3.  … not assigning lessons in advanced allows me and my children to be of service to others when the opportunity arises.

Last month, a widower friend of ours asked if he could hire my 17 year old daughter and one of her brothers for Monday morning. He has Lily out to clean his house once every month or two and one or more of my boys out to do some heavy lifting or yard work. This is a way to help a brother in Christ, but also a way for the kids to earn some spending money. I didn’t want to say no.

Then, the next afternoon, my husband asked me if he could have the boys to help him and our oldest son put in a sprinkler line at church. Having the two boys to help would make the whole process go a lot quicker, and time is an issue with this project. Also, I feel working with their father and older brother is a worthwhile experience. Again, I didn’t want to say no.

However, if I had lesson plans all written out even a week in advanced, it would have been much more difficult to say yes to both.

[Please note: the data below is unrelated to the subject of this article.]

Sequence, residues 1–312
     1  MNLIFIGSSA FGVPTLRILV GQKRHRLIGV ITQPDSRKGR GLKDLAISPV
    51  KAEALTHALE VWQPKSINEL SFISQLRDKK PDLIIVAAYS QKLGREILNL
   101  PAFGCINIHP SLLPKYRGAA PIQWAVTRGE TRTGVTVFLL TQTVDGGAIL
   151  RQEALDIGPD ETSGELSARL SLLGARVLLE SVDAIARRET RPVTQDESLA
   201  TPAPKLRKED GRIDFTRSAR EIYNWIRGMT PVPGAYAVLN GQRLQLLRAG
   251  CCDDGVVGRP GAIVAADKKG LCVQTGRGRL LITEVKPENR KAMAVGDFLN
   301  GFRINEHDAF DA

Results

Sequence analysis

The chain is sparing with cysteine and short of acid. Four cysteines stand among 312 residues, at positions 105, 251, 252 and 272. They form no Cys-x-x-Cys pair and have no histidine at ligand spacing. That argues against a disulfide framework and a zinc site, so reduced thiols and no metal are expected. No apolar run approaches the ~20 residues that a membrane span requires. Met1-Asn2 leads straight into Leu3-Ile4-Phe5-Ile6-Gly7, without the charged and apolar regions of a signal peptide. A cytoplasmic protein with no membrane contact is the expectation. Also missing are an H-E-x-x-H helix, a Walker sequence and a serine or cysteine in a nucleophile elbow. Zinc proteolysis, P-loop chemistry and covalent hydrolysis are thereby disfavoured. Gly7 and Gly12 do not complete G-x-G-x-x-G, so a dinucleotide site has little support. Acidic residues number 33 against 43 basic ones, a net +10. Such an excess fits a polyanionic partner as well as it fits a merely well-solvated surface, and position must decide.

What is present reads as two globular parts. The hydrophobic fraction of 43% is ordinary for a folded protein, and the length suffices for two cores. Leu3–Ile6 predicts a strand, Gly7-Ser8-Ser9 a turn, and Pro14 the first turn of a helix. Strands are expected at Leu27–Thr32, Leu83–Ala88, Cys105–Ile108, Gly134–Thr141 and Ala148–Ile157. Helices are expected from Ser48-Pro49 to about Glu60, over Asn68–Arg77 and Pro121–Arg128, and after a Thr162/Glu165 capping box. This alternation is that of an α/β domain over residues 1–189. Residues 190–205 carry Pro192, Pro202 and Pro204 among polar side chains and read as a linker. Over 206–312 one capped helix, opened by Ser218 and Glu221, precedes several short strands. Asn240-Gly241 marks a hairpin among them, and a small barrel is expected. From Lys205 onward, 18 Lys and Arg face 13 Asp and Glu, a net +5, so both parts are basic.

4.  … it’s unnecessary.

All curriculum I’ve ever seen comes with some sort of schedule, plan, or at least an order to progress in. Why should I spend time redoing what the curriculum already has?

In math, spelling, grammar, and other things, we simply do the next thing. After one page/lesson/exercise/whatever is finished, do the next. After one concept is mastered, teach the next. There is no planning needed. Inputting “Exercise 1”, “Exercise 2”, etc. into a lesson book or software would require a fair amount of time, but it won’t save me a moment of time later.

In review, spending time lesson planning isn’t the best use of my time for my family.

Having lessons planned out in advance would make it harder for me to say yes to opportunities, yes to extra review, and yes to rabbit trails. And lesson planning takes time away from my family, without giving me any saved time in return.

Since I have seen a plethora of “how to lesson plan” and “why you should lesson plan” and “see my beautiful lesson plans” blog posts, I realize that I am going against the flow by not lesson planning. However, not lesson planning has worked well for me for the last 15 years.

So, do YOU lesson plan? Has it helped you save time? Be a better teacher? Has it helped in some other way? I’d love to hear from you.

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1 thought on “4 Reasons Why I Don’t Lesson Plan”